5 tips for a financially happy new year

5 tips for a financially happy new year

Right - the silly season is over. The new year's resolutions are still fresh in your mind. And after the festivities, your bank account probably needs some TLC.

You'd be surprised at how small changes to your spending habits can add up to big savings over time - so here's to a financially happy new year!

Write down your financial goals

Make this your number one priority. It's a simple first step, but an incredibly powerful one.

Think about what you want to achieve financially. Where you want to be this time next year, or in 5 years time. Also think about the smaller steps you will take towards achieving you goal - so you can break it up into bite sized chunks, which you can measure and celebrate weekly or monthly along the way.

Important: write your goals somewhere you will see often. Referring to them regularly will help you stay on track and motivated.

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BYO Drinks

Your morning coffee may be a non-negotiable. If you wonder whether without it you'll be able to maintain normal human relationships with those around you, then giving it up might not be a great idea.

However at around $4 a cup these days, the expense can add up. Making your coffee at home some days, with your capsule machine or drip filter, and carrying it with you on the way to work rather than buying a barista-brewed cup on the way, can work out to be up to 90% cheaper. Use a reusable cup while you're at, to do the planet a favour too.

Filling a reusable water bottle from home, rather than buying bottled water, can also save you significantly.  With the average cost of a bottle of water pushing $3, and considering the waste those additional plastic bottles produce, it's another great way to help your bank account and the environment at the same time.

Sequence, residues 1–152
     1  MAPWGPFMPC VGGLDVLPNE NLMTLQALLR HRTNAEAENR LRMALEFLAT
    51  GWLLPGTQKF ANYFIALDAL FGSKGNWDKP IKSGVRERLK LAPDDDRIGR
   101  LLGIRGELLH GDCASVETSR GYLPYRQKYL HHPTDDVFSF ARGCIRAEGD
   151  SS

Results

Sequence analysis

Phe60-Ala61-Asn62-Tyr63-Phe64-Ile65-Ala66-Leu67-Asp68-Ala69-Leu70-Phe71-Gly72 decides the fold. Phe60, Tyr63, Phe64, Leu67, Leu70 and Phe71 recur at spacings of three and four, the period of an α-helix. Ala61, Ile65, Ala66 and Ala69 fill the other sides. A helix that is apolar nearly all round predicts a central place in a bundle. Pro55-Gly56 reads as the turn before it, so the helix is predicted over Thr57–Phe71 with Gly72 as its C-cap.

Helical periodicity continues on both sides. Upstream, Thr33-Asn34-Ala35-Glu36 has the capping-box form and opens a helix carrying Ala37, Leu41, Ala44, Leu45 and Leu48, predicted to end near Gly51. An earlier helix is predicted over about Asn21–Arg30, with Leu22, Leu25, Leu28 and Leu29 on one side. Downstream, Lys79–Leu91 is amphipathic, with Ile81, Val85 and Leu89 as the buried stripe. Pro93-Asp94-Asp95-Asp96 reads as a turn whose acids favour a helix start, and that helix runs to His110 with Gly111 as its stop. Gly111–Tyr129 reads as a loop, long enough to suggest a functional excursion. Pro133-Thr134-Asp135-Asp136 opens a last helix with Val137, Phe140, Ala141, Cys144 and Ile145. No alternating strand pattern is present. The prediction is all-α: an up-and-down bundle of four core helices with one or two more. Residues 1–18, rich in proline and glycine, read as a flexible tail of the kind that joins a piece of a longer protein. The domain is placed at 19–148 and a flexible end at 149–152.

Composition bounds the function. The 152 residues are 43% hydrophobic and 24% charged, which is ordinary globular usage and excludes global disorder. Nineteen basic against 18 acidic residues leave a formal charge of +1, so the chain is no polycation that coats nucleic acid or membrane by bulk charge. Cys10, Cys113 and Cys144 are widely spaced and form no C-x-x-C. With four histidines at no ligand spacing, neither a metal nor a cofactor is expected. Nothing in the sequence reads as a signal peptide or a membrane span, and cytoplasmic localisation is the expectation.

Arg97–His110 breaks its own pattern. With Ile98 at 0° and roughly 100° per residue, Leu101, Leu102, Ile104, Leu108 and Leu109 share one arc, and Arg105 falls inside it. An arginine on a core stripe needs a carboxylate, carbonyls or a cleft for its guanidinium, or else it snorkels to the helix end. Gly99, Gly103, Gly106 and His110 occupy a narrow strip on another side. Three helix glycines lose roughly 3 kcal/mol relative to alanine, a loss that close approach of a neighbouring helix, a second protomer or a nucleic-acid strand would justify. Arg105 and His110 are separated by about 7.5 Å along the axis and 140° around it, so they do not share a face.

No spend day challenge

Take the challenge of a 'no spend day'. Avoid eating out and take away, and retail therapy for the day. Get creative about outings and activities which don't require spending - like a morning at the beach or the park. It's not only a great way to save money, but can also avoid impulse buying unnecessary items.

Eat what's in the fridge

Did you know that Australians throw away up to 20% of the food we purchase each week? Imagine one out of every five bags of groceries from your last shop bypassing the kitchen and going straight into the wheelie bin.

By being more mindful about what goes into your trolley, and planning meals at home, you can reduce your food waste significantly - and save hundreds or thousands of dollars each year. So why not set yourself the challenge of eating what's already in the fridge and pantry, rather than making that extra trip to the shops.

Know what you're spending

For many of us, it feels like the money comes in and goes straight out again. There's not much left over at the end of the week. Where did it all go, you may be left wondering?

Why not have a look at what you have actually spent your money on over the past 3 or 6 months? Online banking makes it easy to download your transactions, and actually see where it's all going. You may be surprised by what you find - and it's a great way to identify areas where you could save some cash, and be more mindful about your spending.

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